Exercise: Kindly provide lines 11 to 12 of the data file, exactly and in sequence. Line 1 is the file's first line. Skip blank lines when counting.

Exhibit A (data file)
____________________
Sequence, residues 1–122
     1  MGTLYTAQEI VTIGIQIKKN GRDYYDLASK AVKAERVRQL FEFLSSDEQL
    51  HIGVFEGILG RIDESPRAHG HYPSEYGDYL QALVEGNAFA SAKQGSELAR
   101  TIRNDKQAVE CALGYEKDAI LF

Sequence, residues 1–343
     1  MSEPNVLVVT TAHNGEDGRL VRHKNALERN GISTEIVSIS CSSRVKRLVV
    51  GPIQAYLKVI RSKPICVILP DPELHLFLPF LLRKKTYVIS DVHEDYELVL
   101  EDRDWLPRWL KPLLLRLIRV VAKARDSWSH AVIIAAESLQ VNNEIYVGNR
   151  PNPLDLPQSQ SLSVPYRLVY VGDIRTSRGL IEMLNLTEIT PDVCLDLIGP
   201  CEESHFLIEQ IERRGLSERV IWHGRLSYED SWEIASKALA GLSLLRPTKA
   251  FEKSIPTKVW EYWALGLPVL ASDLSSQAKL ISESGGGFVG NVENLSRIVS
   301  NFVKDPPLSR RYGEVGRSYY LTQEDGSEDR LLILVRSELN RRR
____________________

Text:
   251  FEKSIPTKVW EYWALGLPVL ASDLSSQAKL ISESGGGFVG NVENLSRIVS
   301  NFVKDPPLSR RYGEVGRSYY LTQEDGSEDR LLILVRSELN RRR